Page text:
Nenana Student Living Center
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The Nenana Public High School provides education to Alaskan students from Nenana but also from many Alaska Native villages across the state. The Nenana Lynx Coed Soccer Team has been participating in the Alaska School Activities Association (ASAA) sponsored Co-ed Soccer League since 2001. Before 2001 no students were playing soccer in Nenana. Dean Overbey, the school's history teacher and Athletic Director, Chuck Hugny, science teacher and soccer coach, and students decided to put a soccer team together. Interest was high from the start despite the fact that the Lynx had no soccer field of their own, no goalposts and all their games had to be away.
In 2002 the school bought soccer goals and practice soccer balls. The Lynx continued to practice on Nenana's softball field as the year before. There was so much student interest in soccer that the City council of Nenana agreed to designate an entire city block for the team to use to make their soccer field. The block is on the edge of town and at that time most of the land was wooded with spruce, birch and aspen trees. Volunteer parents, players and community members worked on the field clearing about ¼ of the block with chainsaws and hauling the wood away.
In 2003 the Lynx still practiced on the softball field but the team showed great promise by finishing 3rd at the state co-ed soccer championship. This is without home games as we had no home field. The field completion was out to bid but the price was too high for the District or City to fund.
In 2004 and 2005 volunteers re-cleared the soccer as willows and aspen trees begun to take over again.
By 2006 and until 2012 the City and volunteers had done much to get the field near completion. Over 35,000 yards of fill was donated and an additional 3000 yards of pea gravel for drainage. This was loaded, hauled and spread using the city of Nenana's heavy equipment and hundreds of hours of volunteer time. About 90% of the block was cleared to make room for the soccer field, a track around it and parking off the road.
What needs to be done (updated 04/17/13)
The soccer field is situated next to the Nenana Student Living Center. The cost to finish it has been estimated around $10,000-$12,000. This cost includes buying and trucking peat from Fairbanks to Nenana and mixing it with silt from the Tanana River using Nenana's heavy equipment. The $8,000 gathered here will be used to cover expenses including buying and transporting peat, grading, crowning the field, ditching, and seeding the field. Our design also includes a fence, bleachers for the teams and spectators, even some electricity for concession stands but these are secondary goals.
With your help and that of other participant individuals and companies, as well as some grants, we aim to raise a satisfactory sum to have a brand new field by the beginning of the coming soccer season in September 2013. Construction can start as soon as the snow melts...which this year could take a while.
Why build a soccer field:
- Significant student participation. Every year at least 25 out of 100 students play soccer.
- Health benefits: As any sport activity, soccer improves the physical and mental health of participants.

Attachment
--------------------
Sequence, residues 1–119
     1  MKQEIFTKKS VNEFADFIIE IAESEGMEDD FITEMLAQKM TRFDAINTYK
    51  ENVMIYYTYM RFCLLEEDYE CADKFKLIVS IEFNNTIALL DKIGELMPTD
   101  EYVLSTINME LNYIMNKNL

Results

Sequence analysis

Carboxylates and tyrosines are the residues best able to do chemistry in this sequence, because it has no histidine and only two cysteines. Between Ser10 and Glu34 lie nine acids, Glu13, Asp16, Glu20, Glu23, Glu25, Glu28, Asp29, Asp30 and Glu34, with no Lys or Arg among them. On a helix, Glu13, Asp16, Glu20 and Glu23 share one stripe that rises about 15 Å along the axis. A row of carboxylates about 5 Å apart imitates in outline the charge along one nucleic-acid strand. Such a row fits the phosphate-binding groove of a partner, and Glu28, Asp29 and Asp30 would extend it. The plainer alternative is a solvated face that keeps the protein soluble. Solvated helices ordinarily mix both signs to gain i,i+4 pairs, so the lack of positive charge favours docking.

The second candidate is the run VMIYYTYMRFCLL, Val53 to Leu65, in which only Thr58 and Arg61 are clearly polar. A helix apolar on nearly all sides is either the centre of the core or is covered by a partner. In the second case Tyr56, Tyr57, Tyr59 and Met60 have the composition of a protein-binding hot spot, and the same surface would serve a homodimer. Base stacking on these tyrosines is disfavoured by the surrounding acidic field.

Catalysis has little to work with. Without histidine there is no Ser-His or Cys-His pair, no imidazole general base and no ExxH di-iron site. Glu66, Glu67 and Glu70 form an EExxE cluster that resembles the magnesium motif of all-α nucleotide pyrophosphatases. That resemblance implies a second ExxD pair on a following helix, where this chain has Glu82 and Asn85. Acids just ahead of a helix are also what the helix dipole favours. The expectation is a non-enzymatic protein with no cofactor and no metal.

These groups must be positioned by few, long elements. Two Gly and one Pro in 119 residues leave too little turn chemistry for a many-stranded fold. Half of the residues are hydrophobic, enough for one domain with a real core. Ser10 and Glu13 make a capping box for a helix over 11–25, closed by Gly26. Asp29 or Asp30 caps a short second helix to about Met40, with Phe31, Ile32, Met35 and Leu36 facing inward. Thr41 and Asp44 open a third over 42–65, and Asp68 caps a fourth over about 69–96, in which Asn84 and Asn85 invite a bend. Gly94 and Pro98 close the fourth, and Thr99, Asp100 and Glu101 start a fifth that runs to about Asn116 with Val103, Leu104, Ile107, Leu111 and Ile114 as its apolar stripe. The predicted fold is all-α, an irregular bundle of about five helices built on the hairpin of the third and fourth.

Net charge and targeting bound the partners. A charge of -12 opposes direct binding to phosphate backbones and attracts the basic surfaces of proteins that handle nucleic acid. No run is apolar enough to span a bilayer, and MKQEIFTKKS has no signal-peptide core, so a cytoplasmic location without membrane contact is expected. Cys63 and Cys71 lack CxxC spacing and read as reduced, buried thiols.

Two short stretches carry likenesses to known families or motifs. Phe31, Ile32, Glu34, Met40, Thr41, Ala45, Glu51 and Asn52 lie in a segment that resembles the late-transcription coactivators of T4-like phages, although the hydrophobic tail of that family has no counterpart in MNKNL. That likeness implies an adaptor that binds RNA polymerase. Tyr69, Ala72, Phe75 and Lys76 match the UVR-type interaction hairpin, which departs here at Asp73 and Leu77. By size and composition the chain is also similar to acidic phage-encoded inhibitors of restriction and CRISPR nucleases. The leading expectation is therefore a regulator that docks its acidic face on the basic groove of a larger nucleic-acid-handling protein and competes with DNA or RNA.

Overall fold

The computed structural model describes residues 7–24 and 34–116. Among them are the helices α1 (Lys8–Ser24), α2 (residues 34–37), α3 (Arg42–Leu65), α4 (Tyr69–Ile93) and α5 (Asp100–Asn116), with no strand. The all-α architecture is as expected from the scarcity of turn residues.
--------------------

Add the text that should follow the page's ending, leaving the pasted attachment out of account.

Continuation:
- Multipurpose green space. The soccer field could potentially be used for other sports such as American Football.
Few words for soccer romantics (well you read this far!)
Soccer is the beautiful game. But there are attitudes and behaviors that injure soccer, specifically when competition is losing its true purpose, throwing sportsmanship out the window and becoming a win or die situation.
Anyone who has played competitive soccer knows of the attitudes I am talking about; trash talking, threatening, outright violence. These behaviors derive from a feeling of entitlement to victory because one does not lose, because one is the best..even before the game starts. These attitudes are widespread and have given competition a bad reputation.
Being competitive is about challenging yourself and your team and overcoming obstacles. Winning or losing are just outcomes in the process of becoming better in meeting the challenge. A team that has fear of losing, therefore reacts badly when it happens, has stopped becoming better and has compromised.
In compromising, a player and a team lose access to what makes sports, and soccer especially, awesome; the chance to win against better opponents. The chance to completely lose yourself in the game, to step up with your teammates, to show heart with your team and why not? Win. I do not know many people who have memories from 'easy' games. Most of them remember moments of the one game they won against all odds or lost at the last moment.
The point of these musings is this. Co-ed soccer in Alaska's small schools still retains that pure competitive element that makes the game fun and beautiful. The fact that it is co-ed is actually an advantage. The level of competition does not suffer at all because, unlike other team sports, soccer allows for a variety of body types and skill levels to participate and actually make a difference in the game. Yes, boys are faster than girls but it is really fun to see the tiniest girl throwing the biggest boy off the ball because she knows how to plant her feet on the ground.
The students in the co-ed tournaments play their hearts out every soccer season and they do it with style and sportsmanship. They meet the challenge, compete and then joke about it after the game. There is no yelling, no cussing, no spitting, no dirty fouling, and no fighting. Alaska style soccer captures the essence of the game.
And this why it is important to support and promote rural Alaska co-ed soccer any way we can.
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